What This Canadian Funeral Home Does Instead Of Cremation Is Pretty Gross

Cremation is becoming a popular alternative to burials, not just for the price point, but also because of the environmental impact of modern burials. However, even though cremation is better for the environment overall, the process is not without its drawbacks. For one, cremation releases large amounts of carbon dioxide into the atmosphere, which is one of the gases responsible for climate change.

Because of this, a new body disposal method has sprung up in Ontario, Canada. They call it “environmentally friendly cremation.”

Where cremation uses fire to break down the body’s organic material, green cremation uses an alkaline solution to literally dissolve the body until all that’s left is the skeleton.

Where cremation uses fire to break down the body's organic material, green cremation uses an alkaline solution to literally dissolve the body until all that's left is the skeleton.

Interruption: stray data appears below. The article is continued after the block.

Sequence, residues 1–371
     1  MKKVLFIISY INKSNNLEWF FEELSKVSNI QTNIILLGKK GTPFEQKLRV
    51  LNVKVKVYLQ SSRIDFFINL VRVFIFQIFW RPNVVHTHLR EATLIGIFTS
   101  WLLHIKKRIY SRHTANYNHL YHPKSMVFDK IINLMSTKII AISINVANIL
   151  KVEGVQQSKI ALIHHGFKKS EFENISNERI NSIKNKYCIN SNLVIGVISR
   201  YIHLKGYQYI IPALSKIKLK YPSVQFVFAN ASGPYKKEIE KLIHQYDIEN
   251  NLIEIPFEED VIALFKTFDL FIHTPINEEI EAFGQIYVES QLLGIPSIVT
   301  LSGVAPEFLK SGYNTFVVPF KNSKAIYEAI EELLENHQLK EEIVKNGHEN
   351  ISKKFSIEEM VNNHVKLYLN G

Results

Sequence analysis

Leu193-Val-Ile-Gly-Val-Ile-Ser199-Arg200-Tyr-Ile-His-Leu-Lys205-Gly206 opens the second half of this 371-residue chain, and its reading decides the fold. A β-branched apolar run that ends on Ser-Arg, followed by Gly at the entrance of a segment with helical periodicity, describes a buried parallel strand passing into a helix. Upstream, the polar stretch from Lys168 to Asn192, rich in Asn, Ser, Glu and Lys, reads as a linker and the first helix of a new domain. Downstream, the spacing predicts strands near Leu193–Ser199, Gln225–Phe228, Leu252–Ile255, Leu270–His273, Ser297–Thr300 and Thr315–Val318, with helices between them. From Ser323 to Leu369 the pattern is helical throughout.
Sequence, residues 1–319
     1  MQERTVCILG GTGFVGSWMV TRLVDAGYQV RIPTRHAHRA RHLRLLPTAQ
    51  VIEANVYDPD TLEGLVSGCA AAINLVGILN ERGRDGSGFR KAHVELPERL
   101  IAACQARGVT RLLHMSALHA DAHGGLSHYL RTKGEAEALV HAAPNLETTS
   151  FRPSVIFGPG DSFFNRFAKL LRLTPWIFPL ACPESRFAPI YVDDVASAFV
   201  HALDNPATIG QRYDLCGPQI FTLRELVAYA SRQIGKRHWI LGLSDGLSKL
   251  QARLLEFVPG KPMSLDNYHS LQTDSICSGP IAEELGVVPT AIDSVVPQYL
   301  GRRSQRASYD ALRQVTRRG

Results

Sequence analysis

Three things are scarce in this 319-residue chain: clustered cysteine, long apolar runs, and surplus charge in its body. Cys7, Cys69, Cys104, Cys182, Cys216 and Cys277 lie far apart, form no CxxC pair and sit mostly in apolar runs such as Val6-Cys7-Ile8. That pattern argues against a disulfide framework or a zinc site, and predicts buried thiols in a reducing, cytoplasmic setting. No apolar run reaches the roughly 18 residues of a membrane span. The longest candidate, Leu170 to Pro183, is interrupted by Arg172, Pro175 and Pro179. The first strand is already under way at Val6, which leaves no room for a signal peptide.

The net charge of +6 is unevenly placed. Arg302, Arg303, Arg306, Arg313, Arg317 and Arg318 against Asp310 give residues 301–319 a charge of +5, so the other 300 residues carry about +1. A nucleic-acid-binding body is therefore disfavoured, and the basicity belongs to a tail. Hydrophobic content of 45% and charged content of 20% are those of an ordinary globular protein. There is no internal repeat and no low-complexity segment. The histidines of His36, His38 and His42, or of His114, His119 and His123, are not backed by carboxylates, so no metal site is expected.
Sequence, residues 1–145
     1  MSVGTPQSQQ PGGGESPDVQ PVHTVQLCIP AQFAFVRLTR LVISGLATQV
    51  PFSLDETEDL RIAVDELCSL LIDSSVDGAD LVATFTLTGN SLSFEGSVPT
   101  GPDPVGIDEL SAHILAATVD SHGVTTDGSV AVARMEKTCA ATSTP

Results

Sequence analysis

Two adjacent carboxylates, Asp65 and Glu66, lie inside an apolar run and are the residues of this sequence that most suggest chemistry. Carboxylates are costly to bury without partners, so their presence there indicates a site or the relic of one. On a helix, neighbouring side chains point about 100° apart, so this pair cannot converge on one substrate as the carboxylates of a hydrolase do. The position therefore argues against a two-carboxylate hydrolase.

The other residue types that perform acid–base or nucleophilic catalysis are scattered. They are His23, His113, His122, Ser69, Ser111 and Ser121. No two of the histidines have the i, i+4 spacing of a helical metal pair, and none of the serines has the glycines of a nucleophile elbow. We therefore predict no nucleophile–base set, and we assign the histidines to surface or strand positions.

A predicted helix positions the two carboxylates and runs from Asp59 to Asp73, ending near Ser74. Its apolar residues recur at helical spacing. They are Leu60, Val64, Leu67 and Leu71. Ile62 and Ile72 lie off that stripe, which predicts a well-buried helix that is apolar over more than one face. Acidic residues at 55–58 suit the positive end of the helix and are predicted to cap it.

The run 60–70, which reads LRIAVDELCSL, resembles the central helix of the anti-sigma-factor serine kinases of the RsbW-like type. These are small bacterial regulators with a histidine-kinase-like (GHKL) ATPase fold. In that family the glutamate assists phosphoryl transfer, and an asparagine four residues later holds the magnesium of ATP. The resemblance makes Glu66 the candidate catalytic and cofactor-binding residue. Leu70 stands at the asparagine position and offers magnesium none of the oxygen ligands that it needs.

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The process mimics the natural decomposition of a corpse, but it’s done much faster. The resulting coffee-colored “sludge” is filtered to remove any chemicals, and the rest is drained into the sewage system.

The process mimics the natural decomposition of a corpse, but it's done much faster. The resulting coffee-colored "sludge" is filtered to remove any chemicals, and the rest is drained into the sewage system.

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The bones are then dried, crushed into powder, and given back to the family.

The bones are then dried, crushed into powder, and given back to the family.

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It’s not traditional, but with funeral costs rising every year, I bet we’ll start seeing more and more of these green cremations.

It's not traditional, but with funeral costs rising every year, I bet we'll start seeing more and more of these green cremations.

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(via Yahoo)

It does sound kind of gross, but I think I would be okay with that happening to my body after I die. I mean, it’s not like I’m going to use it again.